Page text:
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Top Tips For the New Writer: Art and Writing Books

April 25, 2012 | Comments: 0 | Views: 157

One of the myths that seem to crop up regularly is that writing a book is producing great art. And like great art, it flows majestically from the muse to the artist in an organic waterfall of words.

Bull feathers and Hockey Pucks!

This myth is responsible for more bad books -- most of which were never published, thankfully -- than any other of the myths that new writers need to ignore.

The myth goes that you should spend some time dreaming about your topic. Then you sit down, maybe with three words, and begin to write. If you really push it, you can write an outline first. But basically, you create your characters. You define your setting. Then you put your characters in the setting and see what happens. You let your characters define your story for you. The words just flow organically and the story appears magically as characters reveal themselves to the reader. When you finish, you go back and rewrite anything that isn't working quite right. Then you go back and rewrite it again. And then you go back and... well, you kinda get the idea.

Fortunately, under the old publishing model, most books written this way never made it past the slush pile. If they got that far. Unfortunately, with the growth of self-publishing, this myth is becoming a writing system for many writing trainers. And the system of choice for many published writers.

The truth is that the basis for any great art is great craft. All of the great artists -- Picasso, Rembrandt, Monet, Dali -- spent years perfecting their craft before they ever began to create art. Notebooks filled with sketches of hands, and feet and flower arrangements.

The same situation exists for writing. Art requires craft. And writing a book is mostly about the craft of writing. Art is what happens when you blink and realize that your soul and your reader's soul share the same hopes and fears.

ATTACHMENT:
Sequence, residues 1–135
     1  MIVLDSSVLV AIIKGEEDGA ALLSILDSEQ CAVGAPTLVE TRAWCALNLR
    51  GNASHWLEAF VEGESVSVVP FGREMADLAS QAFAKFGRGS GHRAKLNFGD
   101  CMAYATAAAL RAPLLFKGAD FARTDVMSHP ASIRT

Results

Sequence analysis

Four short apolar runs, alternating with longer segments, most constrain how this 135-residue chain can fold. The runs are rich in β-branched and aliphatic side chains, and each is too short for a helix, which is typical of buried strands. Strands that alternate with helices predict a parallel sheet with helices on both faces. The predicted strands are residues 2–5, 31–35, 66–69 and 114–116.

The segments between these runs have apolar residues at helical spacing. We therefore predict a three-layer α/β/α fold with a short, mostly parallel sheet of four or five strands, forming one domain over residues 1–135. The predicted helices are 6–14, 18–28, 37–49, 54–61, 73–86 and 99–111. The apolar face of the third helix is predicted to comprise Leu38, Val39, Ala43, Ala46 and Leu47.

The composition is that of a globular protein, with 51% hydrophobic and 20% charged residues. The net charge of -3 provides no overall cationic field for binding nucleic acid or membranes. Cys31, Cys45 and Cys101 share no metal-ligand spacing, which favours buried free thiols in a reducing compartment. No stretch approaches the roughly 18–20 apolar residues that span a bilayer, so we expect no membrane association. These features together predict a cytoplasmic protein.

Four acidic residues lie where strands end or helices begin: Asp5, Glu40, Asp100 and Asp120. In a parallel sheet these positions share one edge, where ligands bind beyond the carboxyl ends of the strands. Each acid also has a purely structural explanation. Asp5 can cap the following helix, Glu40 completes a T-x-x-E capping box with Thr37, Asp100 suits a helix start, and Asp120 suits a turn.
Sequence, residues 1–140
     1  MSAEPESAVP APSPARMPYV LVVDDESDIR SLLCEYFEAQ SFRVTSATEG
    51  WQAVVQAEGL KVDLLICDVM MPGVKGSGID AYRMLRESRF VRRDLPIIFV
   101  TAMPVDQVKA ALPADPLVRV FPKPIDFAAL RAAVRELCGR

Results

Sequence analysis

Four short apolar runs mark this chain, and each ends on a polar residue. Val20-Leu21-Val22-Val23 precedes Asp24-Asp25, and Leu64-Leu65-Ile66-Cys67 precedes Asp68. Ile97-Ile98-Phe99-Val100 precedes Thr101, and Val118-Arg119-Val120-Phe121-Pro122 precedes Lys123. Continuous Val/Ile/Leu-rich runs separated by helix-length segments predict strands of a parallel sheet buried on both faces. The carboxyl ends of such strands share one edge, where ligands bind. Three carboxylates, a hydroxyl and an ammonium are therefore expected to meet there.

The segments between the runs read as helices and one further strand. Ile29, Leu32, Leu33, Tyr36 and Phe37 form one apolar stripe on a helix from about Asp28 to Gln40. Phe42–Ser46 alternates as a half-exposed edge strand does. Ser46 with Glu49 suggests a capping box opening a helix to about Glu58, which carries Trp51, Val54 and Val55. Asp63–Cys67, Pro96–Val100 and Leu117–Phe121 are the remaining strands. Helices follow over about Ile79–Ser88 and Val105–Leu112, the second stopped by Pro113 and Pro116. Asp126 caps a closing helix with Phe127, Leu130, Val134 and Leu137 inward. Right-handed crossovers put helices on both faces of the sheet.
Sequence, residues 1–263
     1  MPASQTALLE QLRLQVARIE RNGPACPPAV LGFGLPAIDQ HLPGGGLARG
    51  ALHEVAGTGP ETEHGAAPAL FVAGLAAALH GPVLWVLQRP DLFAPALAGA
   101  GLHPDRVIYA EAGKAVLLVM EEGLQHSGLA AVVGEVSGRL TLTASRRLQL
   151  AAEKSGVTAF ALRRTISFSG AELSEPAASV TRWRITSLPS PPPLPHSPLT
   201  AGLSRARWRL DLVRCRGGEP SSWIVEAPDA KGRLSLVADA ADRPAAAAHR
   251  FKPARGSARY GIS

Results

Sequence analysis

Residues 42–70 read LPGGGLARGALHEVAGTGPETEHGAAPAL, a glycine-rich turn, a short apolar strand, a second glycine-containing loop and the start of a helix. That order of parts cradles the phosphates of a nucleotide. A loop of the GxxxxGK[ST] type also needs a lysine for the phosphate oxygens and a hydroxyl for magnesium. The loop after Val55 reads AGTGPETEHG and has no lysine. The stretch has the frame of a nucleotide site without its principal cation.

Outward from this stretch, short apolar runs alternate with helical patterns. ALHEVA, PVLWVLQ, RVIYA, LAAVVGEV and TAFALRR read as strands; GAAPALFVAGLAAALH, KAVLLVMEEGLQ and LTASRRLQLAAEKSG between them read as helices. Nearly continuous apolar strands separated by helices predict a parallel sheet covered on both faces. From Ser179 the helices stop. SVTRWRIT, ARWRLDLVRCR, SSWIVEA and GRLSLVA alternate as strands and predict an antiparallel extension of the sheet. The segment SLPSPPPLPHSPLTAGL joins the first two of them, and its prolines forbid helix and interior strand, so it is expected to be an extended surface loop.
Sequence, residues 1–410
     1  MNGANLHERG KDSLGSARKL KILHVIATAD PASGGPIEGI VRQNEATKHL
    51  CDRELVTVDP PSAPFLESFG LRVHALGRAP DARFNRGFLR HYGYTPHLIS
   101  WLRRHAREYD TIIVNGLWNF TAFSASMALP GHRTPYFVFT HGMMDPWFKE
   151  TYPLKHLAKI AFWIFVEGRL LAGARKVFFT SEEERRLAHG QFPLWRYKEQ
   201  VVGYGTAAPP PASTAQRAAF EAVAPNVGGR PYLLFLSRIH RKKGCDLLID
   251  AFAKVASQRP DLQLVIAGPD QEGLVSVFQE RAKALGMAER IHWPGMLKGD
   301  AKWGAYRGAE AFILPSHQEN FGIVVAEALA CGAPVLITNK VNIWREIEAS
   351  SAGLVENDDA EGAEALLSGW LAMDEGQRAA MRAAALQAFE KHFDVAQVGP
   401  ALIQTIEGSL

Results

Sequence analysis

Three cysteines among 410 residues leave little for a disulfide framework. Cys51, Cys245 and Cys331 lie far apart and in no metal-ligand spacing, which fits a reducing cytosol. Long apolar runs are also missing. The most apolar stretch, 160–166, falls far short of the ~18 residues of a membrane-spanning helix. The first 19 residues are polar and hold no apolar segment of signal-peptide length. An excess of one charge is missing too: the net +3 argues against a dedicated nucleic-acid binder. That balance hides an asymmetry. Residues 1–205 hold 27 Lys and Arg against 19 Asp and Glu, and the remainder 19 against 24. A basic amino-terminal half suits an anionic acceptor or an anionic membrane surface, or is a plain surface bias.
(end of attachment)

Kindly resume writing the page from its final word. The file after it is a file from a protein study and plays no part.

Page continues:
Writing a book does not need art. It needs craft. Art is just a fortunate coincidence. There are three key characteristics necessary for writing a book. These characteristics lie at the heart of the writing craft. And if your hope is to someday produce art, then you must first produce great writing.

The craft of writing a book begins with your control of the English language. In school, we're taught a formal version of the language. More precisely a version that has its origins in the ego of the Victorian scholar. When we leave school, we need to leave that concept of English behind. In its place are the concepts of reading ease and connecting with the reader. As James Thurber said, "When I split an infinitive, it is going to damn well stay split."

It continues with your ability to put the pieces and parts of a story together. To craft a story, as the saying goes. For a fiction writer that means the ability to manufacture characters, settings and a plot. For a non-fiction writer, that means the ability to organize ideas, illustrative stories and concepts.

Bringing it all together is your writing system. Writing is an activity like any other. It has a process -- a set of steps that must be followed. It has an environment. And it has actors -- the writer, the reader, the editor and the publisher. How all these work together when writing a book, is your system. And it will define how quickly and how effectively you are in writing a book. And how well your book is received by your readers.

Do you want to learn how to write a book in 24 hours? Take my brand new free course here: http://www.learningcreators.com

Do you want to read more free information like this? Go to my blog: http://www.learningcreators.com/blog/

Glen Ford is an accomplished consultant, trainer and writer. He has far too many years experience as a trainer and facilitator to willingly admit.

Source: EzineArticles
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